Hrazdan: A Few Lessons for Media

Samvel Martirosyan

Media researcher

Let us digress from the political aspect of the mayoral elections in Hrazdan this past Sunday, since this isn’t an issue for disucssion here. Instead, let us examine what happened in the news media during elections. A few observations, which are important — especially considering, that which happened in Hrazdan will be more widely applied in the May parliamentary elections.

I would like to turn my attention to the flow of information, which, in a very generalized sense, can be called “opposition” (as pro-government flows of information are usually more uninteresting and predictable). Let’s see what impact these sources had on the overall area of information online. 

Observation No. 1: Citizen journalism, social media and alternative sources didn’t work. Having a strong, solid community of supporters in Hrazdan, the opposition didn’t succeed in shaping the flow of information. The stream from Hrazdan on Twitter, for example, was quite meager.  

[[wysiwyg_imageupload:182:]]The only information with the #Hrazdan hashtag communicated by Yerevan resident, Twitter user @HimaKaren. The potential of alternative media practically wasn’t used. In this case it’s important to understand that alternative media is for not only spreading negative information, but, for example, raising awareness of the overall situation. 

Observation No. 2: In the case of news outlets, drastic fluctuations in professionalism were observed. For example, local daily Hraparak publishes a piece with the headline “Sasun Mikaelyan Wins (updated)”. A little while later, the same article has the completely opposite headline: “Sasun Loses (updated)”. Or Lurer.com reports on “Police Terror in Hrazdan” but there’s no sense at all of terror in the video. It goes without saying that such news reports not only don’t inform citizens, but also create a atmosphere that’s not positive. Generally, these reports can be discussed further, but these are only a few examples that depict the whole situation — in many cases, news outlets in Hrazdan weren’t solving their original problems.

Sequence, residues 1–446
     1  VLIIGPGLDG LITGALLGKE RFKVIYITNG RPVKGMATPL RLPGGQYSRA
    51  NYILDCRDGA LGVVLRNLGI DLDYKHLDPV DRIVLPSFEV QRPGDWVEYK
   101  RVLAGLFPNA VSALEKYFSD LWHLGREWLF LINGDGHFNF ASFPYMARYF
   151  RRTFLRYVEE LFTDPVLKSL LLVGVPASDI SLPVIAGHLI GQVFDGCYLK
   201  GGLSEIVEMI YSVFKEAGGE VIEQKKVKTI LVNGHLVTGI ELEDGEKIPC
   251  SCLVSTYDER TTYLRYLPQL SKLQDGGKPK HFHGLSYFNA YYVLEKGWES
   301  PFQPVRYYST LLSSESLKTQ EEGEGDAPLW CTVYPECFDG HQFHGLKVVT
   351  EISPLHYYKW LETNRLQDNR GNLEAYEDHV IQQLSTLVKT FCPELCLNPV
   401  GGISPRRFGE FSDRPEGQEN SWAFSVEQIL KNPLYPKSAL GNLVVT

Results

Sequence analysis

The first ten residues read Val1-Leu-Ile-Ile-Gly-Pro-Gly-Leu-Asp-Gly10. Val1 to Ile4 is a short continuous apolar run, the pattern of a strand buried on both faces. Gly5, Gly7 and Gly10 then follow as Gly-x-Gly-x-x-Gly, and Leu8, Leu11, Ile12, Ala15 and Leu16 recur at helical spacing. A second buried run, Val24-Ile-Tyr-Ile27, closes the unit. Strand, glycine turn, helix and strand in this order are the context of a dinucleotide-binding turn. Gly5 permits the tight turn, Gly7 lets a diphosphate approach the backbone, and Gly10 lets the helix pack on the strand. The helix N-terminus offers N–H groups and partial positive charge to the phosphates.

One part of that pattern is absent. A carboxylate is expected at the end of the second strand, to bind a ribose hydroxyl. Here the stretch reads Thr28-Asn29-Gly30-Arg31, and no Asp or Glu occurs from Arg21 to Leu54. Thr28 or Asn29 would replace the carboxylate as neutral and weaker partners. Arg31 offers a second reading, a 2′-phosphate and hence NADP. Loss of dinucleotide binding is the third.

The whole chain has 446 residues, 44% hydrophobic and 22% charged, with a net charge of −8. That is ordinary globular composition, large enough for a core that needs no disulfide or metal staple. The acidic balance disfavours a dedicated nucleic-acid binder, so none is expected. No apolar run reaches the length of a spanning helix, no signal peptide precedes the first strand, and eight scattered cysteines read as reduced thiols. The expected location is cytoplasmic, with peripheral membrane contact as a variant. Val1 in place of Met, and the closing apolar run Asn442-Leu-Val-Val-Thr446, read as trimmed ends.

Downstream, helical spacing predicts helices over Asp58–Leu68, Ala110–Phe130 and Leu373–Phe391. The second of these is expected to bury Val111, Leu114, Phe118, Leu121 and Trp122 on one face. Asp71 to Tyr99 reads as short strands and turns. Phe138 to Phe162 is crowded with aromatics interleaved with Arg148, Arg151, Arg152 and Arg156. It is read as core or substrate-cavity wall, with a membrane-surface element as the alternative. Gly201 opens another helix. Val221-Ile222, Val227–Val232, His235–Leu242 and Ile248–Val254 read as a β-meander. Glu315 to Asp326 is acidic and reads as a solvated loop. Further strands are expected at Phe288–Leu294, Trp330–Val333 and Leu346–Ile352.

[[wysiwyg_imageupload:183:]]Observation No. 3: One of the videos shot in Hrazdan, unfortunately, penetrated Armenia’s news media sector. Let’s remember last fall: the nation had dedicated itself to the matter of, to put it mildly, nude photos of one of its actresses. But we were lucky: though nearly all online news media used this topic to raise their ratings, none of them published the actual photos in question.

This time everything ended much worse. A video was uploaded online in which representatives of the Republican Party of Armenia election headquarters were uttering outrageous curses to the unknown camera operator. I hadn’t yet come across such vulgarities in the press (no need to say that neither would you hear such things in everyday life). Unfortunately, this video was published by not only three unknown sites launched yesterday, but also, for example, the highly respected Hetq

After Hrazdan it became clear that we have to approach May more level-headed and professional, otherwise the parliamentary elections will turn into media chaos.

Samvel Martirosyan

The views expressed in the column are those of the author's and do not necessarily reflect the views of Media.am.

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